One of Ollie's favorite activities (besides finding and eating grubs) was taking his dust bath out in his garden.
It always took forty-five minutes, and always involved the same maneuvers: fluffing up the dirt, kicking it around, rolling in it and getting it up under his feathers, then lying on one side, his wing stretched out in the sun, rolling over on the other side, stretching out the other wing, then pecking at the dirt for a while before getting out, shaking out the dirt, and walking away looking very pleased.
Lisa, at Fresh Eggs Daily, shares some great tips for giving a chicken a lovely outdoor spa!
But what about when the ground is frozen and covered with snow?
Ollie had an indoor "spa", and so will our new chicks since it'll still be cold outside when they arrive. We have a big, covered litter box that'll be just the right size for them and have ordered diatomaceous earth, play sand, and organic topsoil that we'll mix with some herbs and some dirt from Ollie's garden. Add a touch of radiant heat, and it'll be a wonderful place for the girls to relax!
When they get bigger, they'll have a kid-sized wading pool full of nice clean dirt-mixture to refresh themselves in when it's cold or rainy!
This was going to be the chicks' nighttime roost, but since it's so cozy and private, and has such a nice nesting box inside, it will serve them better as their nesting house!
Ollie happily roosted here at night, so here's Plan B:
The girls will sleep in Ollie's room, in his nighttime roost, and lay their eggs in their nesting house. It'll be right next to my desk so I'll be able to keep an eye out for signs they're getting ready to lay!
That's the plan, anyway. We'll see what they have in mind when the time comes!
When a pet rooster wears a diaper indoors, you only have to worry about those little pellets. But what about a hen? And eggs? How do you know when she's about to lay her first egg so you can get her "undressed" and direct her to the nesting box?
I put the question to the folks at Backyard Chickens, and "Azygous" filled me in!
"It's easy to tell when a hen needs to lay an egg. She will usually get very vocal (not the egg song), and she will seem to have a sense of urgency. She may act distracted and pace back and forth while she scolds and chatters. Those are usually the obvious ones. Yours may be more discrete.
"Most hens will prefer to lay at certain times of the day, and you'll get to know when that is for your hen."
Makes perfect sense! Laying an egg takes some work and some time. So here's the plan: I'll just watch them, figure out how to recognize when it is about to happen, and let them into the nesting house. Soon I'll have figured out when they normally lay and will be able to get them into their nesting area before they have to tell me, "It's time." I'm pretty easy to train, so they shouldn't have much trouble!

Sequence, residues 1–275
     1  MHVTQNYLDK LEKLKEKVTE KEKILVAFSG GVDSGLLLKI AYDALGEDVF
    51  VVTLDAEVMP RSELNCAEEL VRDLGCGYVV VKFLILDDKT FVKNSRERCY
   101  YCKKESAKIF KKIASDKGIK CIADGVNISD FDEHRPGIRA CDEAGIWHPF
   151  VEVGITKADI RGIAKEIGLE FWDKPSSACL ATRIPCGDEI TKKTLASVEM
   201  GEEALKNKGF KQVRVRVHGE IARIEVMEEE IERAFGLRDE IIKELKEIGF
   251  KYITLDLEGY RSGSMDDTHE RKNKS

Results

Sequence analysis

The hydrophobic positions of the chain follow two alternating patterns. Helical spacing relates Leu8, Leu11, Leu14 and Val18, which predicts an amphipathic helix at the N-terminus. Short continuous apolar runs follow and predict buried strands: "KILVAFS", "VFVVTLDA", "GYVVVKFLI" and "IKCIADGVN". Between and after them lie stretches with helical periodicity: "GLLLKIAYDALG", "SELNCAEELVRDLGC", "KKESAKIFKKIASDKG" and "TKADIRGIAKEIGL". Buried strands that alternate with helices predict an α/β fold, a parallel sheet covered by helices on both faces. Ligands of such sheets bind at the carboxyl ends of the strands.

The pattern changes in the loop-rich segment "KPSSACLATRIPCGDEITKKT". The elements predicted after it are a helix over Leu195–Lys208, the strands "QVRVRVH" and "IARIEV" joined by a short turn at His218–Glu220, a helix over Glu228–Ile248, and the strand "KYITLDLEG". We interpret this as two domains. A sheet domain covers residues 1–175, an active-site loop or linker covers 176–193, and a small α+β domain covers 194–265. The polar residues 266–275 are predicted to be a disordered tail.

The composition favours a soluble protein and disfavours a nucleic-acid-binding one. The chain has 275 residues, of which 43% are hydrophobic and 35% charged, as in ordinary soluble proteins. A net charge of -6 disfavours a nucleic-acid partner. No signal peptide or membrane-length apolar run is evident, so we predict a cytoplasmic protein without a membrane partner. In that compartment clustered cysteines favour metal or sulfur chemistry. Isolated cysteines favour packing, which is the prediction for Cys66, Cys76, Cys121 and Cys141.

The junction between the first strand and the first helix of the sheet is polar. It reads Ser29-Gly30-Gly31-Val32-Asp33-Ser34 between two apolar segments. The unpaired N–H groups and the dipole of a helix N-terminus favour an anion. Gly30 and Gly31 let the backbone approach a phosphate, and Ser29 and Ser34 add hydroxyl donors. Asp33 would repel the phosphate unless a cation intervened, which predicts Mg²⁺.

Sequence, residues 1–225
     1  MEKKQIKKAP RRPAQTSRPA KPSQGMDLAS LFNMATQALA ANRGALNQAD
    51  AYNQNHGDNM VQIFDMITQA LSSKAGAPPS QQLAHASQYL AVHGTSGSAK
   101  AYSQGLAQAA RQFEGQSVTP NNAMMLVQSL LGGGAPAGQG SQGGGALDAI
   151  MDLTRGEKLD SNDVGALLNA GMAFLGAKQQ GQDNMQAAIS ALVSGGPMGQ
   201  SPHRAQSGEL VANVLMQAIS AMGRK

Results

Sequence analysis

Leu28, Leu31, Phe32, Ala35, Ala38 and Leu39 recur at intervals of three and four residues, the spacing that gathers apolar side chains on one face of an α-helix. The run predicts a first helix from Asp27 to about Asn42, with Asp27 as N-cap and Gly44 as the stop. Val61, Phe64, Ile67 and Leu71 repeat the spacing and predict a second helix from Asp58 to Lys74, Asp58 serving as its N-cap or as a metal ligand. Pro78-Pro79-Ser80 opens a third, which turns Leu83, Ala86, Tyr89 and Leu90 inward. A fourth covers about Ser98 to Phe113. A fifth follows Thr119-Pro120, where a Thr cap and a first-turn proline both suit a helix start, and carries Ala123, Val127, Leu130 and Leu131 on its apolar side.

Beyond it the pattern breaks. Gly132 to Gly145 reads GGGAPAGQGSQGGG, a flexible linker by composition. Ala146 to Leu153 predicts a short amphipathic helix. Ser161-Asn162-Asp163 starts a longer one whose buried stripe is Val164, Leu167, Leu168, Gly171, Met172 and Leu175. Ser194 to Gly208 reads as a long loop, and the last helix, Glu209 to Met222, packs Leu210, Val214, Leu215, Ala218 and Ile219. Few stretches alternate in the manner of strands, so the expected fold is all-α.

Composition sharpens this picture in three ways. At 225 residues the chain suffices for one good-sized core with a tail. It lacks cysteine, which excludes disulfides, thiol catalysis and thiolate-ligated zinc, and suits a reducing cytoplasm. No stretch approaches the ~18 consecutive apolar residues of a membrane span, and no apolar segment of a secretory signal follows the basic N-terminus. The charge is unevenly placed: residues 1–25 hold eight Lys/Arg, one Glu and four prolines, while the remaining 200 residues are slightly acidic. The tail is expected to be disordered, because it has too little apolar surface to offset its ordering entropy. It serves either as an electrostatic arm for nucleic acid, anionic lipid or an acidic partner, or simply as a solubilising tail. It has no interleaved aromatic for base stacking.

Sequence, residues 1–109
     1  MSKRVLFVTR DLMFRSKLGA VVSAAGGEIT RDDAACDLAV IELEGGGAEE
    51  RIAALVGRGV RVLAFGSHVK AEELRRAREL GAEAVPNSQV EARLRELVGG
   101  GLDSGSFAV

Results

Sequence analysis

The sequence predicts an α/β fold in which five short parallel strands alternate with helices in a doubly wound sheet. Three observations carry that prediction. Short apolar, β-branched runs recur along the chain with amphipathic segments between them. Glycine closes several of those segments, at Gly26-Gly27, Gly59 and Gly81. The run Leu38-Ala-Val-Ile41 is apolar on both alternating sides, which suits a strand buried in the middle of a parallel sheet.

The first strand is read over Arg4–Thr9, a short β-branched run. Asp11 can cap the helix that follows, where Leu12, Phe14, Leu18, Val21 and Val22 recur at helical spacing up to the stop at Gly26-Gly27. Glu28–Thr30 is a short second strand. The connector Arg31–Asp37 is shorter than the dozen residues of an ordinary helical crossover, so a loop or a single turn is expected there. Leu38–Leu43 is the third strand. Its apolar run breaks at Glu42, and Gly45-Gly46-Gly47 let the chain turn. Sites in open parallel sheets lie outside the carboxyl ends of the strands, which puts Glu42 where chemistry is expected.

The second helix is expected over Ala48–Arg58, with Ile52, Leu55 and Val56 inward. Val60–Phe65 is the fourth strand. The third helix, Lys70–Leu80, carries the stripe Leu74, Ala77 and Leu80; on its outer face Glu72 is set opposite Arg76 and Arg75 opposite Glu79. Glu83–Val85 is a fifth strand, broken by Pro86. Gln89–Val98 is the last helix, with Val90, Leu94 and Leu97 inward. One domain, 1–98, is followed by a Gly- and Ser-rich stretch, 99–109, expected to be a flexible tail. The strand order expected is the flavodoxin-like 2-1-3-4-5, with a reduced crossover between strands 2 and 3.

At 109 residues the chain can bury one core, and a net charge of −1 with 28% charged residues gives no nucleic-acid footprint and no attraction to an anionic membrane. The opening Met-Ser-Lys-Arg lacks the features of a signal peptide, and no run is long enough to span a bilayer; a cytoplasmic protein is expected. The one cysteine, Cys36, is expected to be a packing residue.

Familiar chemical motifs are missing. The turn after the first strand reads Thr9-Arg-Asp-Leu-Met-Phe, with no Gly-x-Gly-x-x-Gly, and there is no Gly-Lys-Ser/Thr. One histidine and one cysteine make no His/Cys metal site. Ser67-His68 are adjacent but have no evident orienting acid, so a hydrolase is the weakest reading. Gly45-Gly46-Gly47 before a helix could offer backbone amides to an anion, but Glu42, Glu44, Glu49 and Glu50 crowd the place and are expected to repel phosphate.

Here's a video from Loriel at Naturally Loriel http://www.naturallyloriel.com/about-me/
One cold, drizzly day in March 2007, my husband spirited a tiny hatchling away from a place where it had been taken to be fed alive to hawks. Nearly dead from hypothermia, the sick little chick responded to warmth and a lot of spoiling, and grew up as part of our family.
Despite Ollie's humble beginnings, his vet always called him "a real gentleman". Our youngest cat, Annie, would have called him her best friend. I just called him a love.
Ollie lived in our house, played in his garden, and went to sleep every night in his own room, cooing as he settled in on a tree branch after a snack and a long drink of water.
He clucked to music on his Fischer-Price laptop, chortled as he played "push the feather around" with the cats, and chattered as he pecked all our shoes until he had a collection of the ones we could no longer use.
When he passed away six months ago, the clucking, chuckling, chortling, and chatter went silent.
We have a big family: three dogs and three cats, all with voices and opinions. You'd think I would have my hands full and enough noise!
But it's those chicken sounds: a chick's peeping, the tap-tap-tap of a chicken running down the hallway behind me on my way to the living room, and the chortle of a contented chicken just given a meal worm ~ the sounds of chicken joy ~ that I miss and that I'm ready to bring into in our home again.
Sometime this winter, I'll be driving out to to Dog River Bantams, a breeder of Cochin Bantam chickens in Vermont, to bring home two lovely pullets, female chicks who will share our home and grow up in our lives.
You're invited to follow along as I get their home ready, bring them in, and fill our house with the sounds of chicken joy.